Millions Skip Schools To Unite For Global Protests On Climate Change

Some four million people filled city streets around the world, organisers said, in what was billed as the biggest ever protest against the threat posed to the planet by rising temperatures.

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Millions Skip Schools To Unite For Global Protests On Climate Change

Some four million people filled city streets around the world. (AFP)


Masses of children skipped schools to join a global strike against climate change that teen activist Greta Thunberg said was "only the beginning," ahead of a UN youth summit she will participate in on Saturday.

Some four million people filled city streets around the world, organisers said, in what was billed as the biggest ever protest against the threat posed to the planet by rising temperatures.

Youngsters and adults alike chanted slogans and waved placards in demonstrations that started in Asia and the Pacific, spread across Africa, Europe and Latin America, before culminating in the United States where Thunberg rallied.

"Change is coming whether they like it or not," said Ms Thunberg, hitting out at skeptics as she wrapped up the massive day of action in New York, where she said that 250,000 protested. Strike organisers 350.org said Friday's rallies were the start of 5,800 protests across 163 countries over the next week.

From Berlin to Boston, Kampala to Kiribati, Seoul to Sao Paulo, protesters brandished signs with slogans including "There is no planet B" and "Make The Earth Great Again."

In New York's Battery Park, tens of thousands of supporters gave Ms Thunberg a rockstar reception, chanting her name as she called on leaders to act now to curb gas emissions.

"Why should we study for a future that is being taken away from us?" She asked. "We demand a safe future. Is that really too much to ask?" On Saturday, she and 500 other youth environmentalists from around the world will take part in the first-ever Youth Climate Summit.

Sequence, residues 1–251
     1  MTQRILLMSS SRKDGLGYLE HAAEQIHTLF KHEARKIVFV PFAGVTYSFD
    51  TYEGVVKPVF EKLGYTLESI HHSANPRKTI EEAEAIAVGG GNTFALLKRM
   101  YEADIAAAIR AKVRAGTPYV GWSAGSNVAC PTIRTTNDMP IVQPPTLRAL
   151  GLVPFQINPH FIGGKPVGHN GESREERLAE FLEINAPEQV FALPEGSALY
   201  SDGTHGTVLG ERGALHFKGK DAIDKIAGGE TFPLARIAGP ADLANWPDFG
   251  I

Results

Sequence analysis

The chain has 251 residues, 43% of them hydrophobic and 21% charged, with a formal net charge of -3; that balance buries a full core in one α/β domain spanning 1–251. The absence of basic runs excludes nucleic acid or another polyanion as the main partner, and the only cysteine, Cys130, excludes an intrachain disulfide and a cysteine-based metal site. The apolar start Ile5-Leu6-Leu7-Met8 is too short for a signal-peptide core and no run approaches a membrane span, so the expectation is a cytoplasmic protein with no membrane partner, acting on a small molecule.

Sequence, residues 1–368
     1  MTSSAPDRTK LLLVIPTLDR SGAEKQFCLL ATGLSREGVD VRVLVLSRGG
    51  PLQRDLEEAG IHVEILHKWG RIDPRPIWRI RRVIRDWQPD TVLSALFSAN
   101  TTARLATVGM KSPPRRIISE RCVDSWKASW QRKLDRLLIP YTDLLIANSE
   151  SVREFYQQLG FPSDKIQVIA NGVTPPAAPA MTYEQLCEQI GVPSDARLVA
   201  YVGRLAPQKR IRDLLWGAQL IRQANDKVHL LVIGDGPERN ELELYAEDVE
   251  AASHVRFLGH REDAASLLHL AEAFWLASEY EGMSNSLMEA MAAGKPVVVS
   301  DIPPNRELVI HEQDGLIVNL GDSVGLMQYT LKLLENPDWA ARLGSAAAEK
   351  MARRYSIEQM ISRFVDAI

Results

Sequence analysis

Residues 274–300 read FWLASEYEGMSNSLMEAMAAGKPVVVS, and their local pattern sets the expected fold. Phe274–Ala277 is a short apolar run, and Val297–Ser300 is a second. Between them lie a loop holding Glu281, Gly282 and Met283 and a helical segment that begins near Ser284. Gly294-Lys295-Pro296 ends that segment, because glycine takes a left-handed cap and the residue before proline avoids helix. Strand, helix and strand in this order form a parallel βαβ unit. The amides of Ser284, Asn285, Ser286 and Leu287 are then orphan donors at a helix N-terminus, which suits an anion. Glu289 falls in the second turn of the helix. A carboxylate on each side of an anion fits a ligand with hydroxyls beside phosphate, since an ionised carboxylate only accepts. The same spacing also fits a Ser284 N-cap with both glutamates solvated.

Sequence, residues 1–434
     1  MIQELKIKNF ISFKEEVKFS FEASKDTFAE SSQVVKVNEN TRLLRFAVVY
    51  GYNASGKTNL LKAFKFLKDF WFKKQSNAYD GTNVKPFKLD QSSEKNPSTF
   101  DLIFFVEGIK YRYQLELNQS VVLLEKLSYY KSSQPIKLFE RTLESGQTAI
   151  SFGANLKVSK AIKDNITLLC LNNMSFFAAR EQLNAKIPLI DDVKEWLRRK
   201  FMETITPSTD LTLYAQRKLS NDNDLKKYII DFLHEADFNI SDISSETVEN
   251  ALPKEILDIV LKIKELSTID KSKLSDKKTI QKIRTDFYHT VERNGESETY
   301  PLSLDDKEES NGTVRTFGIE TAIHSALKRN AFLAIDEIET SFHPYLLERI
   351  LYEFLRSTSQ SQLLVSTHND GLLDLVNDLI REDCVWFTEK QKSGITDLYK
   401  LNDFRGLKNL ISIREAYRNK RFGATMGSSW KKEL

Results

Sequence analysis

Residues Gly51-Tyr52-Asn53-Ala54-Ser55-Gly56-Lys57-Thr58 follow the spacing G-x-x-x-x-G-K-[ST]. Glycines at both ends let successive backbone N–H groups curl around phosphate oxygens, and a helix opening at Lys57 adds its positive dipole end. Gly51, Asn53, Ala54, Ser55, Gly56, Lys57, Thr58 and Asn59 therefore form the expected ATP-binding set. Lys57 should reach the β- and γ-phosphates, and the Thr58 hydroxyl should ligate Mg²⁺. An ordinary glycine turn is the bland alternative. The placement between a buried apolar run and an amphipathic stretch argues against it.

Then on Monday, UN Secretary General Antonio Guterres has convened a Climate Action Summit where more than 60 world leaders will take to the podium to present greenhouse gas emission reduction goals.

Events began Friday in the deluge-threatened Pacific Islands of Vanuatu, the Solomons and Kiribati, where children chanted: "We are not sinking, we are fighting." The defiance reverberated across the globe as kids closed their textbooks in a collective call to action.

"We are the future and we deserve better," 12-year-old Lilly Satidtanasarn, known as "Thailand's Greta" for her campaign against plastic bags in malls, told AFP in Bangkok.

Schoolchildren rallied in India while thousands protested in the Philippines, which experts say faces threats from rising sea levels and increasingly violent storms.

About 200 marched in Ghana's capital Accra, where some 44 per cent of the country's population has not heard of climate change, according to a study by Afrobarometer.

"Developing countries like Ghana are the most affected. We don't have the resources to adapt to climate change," said 26-year-old protest organizer Ellen Lindsey Awuku.

In Slovakia, five-year-old Teo asked a crowd of 500 "not to cut down forests, and reduce garbage production, and not to use so many petrol-fuelled cars."

German Chancellor Angela Merkel used Friday to pledge at least 100 billion euros by 2030 to tackle emissions in the energy and industrial sectors, boost zero tailpipe emission electric vehicles, and get passengers out of planes and onto trains.

Several thousand protested in Brazil, where banners slammed President Jair Bolsonaro over recent devastating fires in the Amazon rainforest. 

In Mexico City, protesters wore wrestling masks and skeleton costumes associated with the country's Day of the Dead celebrations. 

Organizers said more than 300,000 children, parents and supporters rallied in Australia alone.
Australia has been struck in recent years by droughts, more intense bushfires, devastating floods and the blanching of the Great Barrier Reef -- phenomena experts have blamed on a changing climate.

The protests also highlighted resistance from climate change skeptics. "The facts are, there is no link between climate change and drought, polar bears are increasing in number," said Australian ruling coalition parliamentarian Craig Kelly on Thursday.

Businesses also backed the protests. Amazon chief Jeff Bezos pledged Thursday to make the US tech giant carbon neutral by 2040 and encouraged other firms to do likewise. A landmark UN report to be unveiled next week will warn global warming and pollution are ravaging Earth's oceans and icy regions in ways that could unleash misery on a global scale.

Speaking to reporters Friday, Mr Guterres acknowledged Monday's summit would not solve everything. "My main objective is to make as much noise as I can, and to do as much as I can to support as many actors involved in this as I can, especially in relationship with the youth," he said. 



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